The Sorex cinereus group includes several isolated island forms in the Bering Sea as well as a number of strongly differentiated continental subspecies. Their systematics has been problematic. The arctic (ugyunak) and prairie (haydenz) forms are now recognized as full species. Nine subspecies are recognized; two occur in the province.
Sorex cinereus cinereus Kerr is distributed across much of Canada and the entire province east of the coastal mountain ranges.
Sorex cinereus streatori Merriam inhabits the Pacific coast from Washington to Alaska. In British Columbia, it is found on the western slopes of the coastal mountain ranges, the coastal lowlands, and twelve islands on the central and north coast: Athlone (formerly Smythe) and Townsend in the Bardswell Group, Campbell, Hunter, Kaien, King, McCauley, Pitt, Princess Royal, Ruth, Spider, and Yeo. This subspecies is darker and larger than S.c. cinereus.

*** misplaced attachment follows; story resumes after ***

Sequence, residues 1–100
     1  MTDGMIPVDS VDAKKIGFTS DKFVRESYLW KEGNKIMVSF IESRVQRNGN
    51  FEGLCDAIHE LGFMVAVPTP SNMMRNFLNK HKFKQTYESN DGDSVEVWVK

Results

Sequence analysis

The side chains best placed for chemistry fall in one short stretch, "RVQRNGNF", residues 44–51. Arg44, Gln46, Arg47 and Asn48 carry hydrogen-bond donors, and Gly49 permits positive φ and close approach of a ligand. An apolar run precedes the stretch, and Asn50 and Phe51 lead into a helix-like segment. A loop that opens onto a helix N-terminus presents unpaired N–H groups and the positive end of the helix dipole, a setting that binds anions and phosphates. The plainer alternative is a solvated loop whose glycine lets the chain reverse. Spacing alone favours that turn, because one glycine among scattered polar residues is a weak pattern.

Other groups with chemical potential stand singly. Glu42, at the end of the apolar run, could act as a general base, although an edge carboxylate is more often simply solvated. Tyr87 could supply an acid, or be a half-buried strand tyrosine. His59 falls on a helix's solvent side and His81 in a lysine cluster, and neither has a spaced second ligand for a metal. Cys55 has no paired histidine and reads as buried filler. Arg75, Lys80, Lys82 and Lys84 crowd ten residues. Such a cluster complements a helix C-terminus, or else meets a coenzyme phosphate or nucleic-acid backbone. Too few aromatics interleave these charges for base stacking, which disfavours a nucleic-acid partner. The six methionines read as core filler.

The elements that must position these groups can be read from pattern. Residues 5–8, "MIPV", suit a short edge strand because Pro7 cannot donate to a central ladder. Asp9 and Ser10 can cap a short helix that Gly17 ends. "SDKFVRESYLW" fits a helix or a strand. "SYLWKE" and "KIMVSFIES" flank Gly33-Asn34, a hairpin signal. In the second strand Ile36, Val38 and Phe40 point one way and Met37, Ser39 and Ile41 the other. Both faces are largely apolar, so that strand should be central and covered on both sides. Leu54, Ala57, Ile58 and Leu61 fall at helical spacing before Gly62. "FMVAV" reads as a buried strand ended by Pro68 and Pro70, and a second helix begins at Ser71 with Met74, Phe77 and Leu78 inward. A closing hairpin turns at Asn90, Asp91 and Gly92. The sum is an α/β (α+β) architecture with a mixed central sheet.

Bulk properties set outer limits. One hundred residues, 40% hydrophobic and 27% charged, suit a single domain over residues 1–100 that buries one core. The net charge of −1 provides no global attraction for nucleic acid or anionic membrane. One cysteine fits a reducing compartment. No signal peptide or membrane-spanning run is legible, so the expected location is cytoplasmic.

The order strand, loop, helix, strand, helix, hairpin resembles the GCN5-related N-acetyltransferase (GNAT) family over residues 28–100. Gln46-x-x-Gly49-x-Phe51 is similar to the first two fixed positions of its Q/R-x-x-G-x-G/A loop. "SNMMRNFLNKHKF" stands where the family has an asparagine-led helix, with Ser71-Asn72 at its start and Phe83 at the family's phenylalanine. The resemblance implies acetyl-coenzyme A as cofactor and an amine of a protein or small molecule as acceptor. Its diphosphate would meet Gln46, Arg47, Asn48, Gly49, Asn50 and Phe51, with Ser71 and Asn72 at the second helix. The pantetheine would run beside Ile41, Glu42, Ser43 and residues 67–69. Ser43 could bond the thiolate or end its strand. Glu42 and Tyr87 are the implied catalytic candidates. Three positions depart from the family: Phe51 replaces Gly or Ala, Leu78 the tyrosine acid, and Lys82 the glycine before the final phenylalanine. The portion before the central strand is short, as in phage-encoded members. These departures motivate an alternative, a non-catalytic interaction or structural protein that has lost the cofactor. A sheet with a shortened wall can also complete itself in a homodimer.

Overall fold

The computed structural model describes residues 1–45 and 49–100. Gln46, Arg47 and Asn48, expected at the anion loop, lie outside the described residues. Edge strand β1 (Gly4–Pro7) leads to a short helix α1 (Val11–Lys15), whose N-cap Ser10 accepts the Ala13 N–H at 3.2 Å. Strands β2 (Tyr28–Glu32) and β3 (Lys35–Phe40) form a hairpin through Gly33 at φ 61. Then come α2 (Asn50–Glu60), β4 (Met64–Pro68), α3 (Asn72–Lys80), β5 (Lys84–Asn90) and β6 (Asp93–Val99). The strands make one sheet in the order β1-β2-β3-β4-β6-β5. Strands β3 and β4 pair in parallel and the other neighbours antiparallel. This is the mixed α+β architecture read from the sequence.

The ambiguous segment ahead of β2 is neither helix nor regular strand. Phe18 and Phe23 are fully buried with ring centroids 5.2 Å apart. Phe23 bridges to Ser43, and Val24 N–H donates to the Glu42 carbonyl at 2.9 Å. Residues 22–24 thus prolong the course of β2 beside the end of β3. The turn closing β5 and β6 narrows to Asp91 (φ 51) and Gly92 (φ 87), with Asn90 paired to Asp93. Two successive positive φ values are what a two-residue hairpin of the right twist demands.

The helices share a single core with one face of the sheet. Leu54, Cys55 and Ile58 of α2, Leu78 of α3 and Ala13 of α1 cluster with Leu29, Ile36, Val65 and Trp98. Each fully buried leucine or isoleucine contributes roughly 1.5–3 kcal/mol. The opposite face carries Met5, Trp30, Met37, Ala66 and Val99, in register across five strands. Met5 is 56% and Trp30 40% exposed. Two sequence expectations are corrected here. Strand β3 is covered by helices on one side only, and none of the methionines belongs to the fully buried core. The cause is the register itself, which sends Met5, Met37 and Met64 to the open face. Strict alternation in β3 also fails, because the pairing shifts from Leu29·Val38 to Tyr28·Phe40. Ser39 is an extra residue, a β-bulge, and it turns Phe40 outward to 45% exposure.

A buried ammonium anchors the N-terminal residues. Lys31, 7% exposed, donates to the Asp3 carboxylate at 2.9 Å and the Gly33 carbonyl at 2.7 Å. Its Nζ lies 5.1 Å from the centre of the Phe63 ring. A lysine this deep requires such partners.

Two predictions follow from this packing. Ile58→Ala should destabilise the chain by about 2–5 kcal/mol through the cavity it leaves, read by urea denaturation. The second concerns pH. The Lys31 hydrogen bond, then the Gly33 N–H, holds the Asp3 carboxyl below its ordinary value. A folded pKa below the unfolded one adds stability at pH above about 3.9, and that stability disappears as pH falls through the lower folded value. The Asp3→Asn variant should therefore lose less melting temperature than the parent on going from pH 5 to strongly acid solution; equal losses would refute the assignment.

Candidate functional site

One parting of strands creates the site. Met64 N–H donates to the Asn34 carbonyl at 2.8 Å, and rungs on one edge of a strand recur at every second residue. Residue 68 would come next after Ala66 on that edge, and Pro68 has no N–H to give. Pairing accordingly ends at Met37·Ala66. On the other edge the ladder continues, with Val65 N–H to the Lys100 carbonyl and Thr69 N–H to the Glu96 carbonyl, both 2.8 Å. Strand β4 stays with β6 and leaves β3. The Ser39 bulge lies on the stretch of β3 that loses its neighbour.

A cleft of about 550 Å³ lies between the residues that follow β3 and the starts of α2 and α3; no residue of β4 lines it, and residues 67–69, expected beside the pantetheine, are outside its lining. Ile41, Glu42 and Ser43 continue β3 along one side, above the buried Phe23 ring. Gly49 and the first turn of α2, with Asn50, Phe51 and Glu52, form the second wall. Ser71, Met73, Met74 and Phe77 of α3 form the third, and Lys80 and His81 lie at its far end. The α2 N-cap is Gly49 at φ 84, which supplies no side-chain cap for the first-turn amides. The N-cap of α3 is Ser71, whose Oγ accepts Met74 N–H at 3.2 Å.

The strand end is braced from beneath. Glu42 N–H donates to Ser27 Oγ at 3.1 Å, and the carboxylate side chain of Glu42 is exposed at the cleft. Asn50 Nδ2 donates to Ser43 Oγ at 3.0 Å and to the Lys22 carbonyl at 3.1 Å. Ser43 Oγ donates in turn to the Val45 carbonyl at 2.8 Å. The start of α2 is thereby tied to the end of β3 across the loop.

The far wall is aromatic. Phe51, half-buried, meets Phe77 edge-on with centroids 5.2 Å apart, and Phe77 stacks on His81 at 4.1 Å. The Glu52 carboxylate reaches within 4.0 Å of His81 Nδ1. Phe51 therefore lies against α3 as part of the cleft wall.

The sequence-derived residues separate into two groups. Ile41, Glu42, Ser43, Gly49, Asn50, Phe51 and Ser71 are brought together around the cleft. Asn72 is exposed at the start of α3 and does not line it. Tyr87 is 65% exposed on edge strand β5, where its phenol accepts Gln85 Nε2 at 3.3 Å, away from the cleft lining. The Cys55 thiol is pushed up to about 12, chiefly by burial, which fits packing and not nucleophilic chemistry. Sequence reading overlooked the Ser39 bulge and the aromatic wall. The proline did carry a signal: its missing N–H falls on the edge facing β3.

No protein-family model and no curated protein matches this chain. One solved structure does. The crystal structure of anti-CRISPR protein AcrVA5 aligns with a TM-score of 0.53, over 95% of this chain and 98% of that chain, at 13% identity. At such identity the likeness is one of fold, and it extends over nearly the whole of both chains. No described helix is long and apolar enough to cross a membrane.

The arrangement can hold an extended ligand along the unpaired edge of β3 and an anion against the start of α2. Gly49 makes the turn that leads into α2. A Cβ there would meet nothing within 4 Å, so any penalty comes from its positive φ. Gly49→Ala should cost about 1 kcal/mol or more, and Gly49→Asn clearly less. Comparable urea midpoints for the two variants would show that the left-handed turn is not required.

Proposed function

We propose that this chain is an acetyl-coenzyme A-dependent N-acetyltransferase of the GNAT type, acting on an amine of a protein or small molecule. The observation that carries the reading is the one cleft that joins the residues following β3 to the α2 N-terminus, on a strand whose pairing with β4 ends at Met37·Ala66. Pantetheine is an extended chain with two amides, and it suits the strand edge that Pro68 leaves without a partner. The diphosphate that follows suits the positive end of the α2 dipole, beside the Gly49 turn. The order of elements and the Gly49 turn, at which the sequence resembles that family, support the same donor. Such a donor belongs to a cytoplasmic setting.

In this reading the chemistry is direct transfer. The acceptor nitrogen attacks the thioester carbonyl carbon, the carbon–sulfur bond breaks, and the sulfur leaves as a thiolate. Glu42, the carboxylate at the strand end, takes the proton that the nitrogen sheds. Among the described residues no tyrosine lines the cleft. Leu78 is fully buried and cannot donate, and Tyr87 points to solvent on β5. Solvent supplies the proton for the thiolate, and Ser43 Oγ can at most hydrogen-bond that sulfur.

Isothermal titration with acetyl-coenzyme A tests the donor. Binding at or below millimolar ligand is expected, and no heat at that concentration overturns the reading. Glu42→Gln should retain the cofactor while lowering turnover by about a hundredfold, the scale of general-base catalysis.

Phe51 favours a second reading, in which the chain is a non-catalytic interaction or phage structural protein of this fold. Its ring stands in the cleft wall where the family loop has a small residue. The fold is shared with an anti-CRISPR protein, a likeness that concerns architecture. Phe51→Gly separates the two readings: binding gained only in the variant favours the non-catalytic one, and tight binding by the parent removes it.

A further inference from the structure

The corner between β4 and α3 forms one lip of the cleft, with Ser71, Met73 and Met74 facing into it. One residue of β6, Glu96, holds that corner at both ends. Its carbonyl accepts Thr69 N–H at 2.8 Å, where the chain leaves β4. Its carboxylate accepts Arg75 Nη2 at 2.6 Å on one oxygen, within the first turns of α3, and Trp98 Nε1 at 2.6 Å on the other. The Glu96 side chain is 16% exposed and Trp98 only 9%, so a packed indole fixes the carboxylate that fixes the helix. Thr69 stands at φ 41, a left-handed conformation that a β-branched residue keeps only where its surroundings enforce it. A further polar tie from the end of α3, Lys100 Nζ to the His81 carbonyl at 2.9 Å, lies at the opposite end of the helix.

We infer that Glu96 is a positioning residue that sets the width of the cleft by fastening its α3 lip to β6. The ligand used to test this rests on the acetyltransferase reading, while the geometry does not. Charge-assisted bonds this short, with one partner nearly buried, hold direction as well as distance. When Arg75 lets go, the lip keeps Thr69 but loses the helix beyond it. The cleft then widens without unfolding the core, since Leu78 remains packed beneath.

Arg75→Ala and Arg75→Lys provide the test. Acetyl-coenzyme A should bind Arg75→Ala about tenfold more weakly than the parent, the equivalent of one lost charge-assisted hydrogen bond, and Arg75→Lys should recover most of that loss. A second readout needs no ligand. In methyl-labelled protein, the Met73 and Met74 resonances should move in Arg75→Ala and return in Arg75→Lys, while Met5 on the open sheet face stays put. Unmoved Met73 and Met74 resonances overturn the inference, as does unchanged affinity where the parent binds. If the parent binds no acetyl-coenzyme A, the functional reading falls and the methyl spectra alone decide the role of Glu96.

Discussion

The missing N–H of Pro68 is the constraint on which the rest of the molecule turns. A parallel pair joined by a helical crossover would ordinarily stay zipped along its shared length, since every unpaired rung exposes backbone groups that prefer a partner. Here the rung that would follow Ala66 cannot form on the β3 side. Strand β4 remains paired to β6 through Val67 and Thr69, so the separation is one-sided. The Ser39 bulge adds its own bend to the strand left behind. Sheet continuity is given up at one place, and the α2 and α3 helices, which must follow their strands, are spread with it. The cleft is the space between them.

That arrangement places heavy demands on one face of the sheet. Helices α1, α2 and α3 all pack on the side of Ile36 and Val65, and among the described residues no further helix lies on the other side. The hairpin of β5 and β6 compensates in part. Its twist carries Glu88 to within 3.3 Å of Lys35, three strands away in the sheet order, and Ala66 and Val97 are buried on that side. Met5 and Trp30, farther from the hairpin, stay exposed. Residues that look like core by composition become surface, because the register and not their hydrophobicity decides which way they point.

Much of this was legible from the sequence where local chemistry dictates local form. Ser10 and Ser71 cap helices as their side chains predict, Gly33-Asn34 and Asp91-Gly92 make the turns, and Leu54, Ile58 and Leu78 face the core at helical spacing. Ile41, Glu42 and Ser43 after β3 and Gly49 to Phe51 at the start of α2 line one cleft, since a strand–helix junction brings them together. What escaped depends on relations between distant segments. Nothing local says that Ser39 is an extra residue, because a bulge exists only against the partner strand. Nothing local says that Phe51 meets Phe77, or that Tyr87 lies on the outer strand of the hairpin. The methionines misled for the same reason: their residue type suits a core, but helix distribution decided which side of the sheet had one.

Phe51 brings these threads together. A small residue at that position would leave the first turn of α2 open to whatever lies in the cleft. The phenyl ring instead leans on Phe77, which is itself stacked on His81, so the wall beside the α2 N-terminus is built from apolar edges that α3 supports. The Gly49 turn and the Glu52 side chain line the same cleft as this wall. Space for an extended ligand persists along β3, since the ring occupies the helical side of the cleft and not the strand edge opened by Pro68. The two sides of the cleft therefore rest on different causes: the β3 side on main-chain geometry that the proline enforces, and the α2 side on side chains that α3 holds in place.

The Common Shrew may be an important predator of forest insect pests such as the Jack Pine Budworm and the Larch Sawfly. High population densities have been reported in forests where these insect species live. Charles Buckner demonstrated that captive and wild Common Shrews consume large number of Larch Sawfly cocoons and larvae, and a large Common Shrew population could have a significant impact on populations of this insect pest.
That few islands are occupied by the Common Shrew is interesting, given that this species is found throughout the entire coastal mainland. Ian McTaggart Cowan found the Common Shrew less abundant than the ubiquitous Dusky Shrew on the north coast islands. Low populations and a small body size may limit this shrew's ability to colonize and survive on these islands.
Recommended citation: Author, Date. Page title. In Klinkenberg, Brian. (Editor) 2021. E-Fauna BC:
Electronic Atlas of the Fauna of British Columbia [efauna.bc.ca]. Lab
for Advanced Spatial Analysis, Department of Geography, University of British
Columbia, Vancouver. [Accessed:
2022-01-28 11:07:37 AM]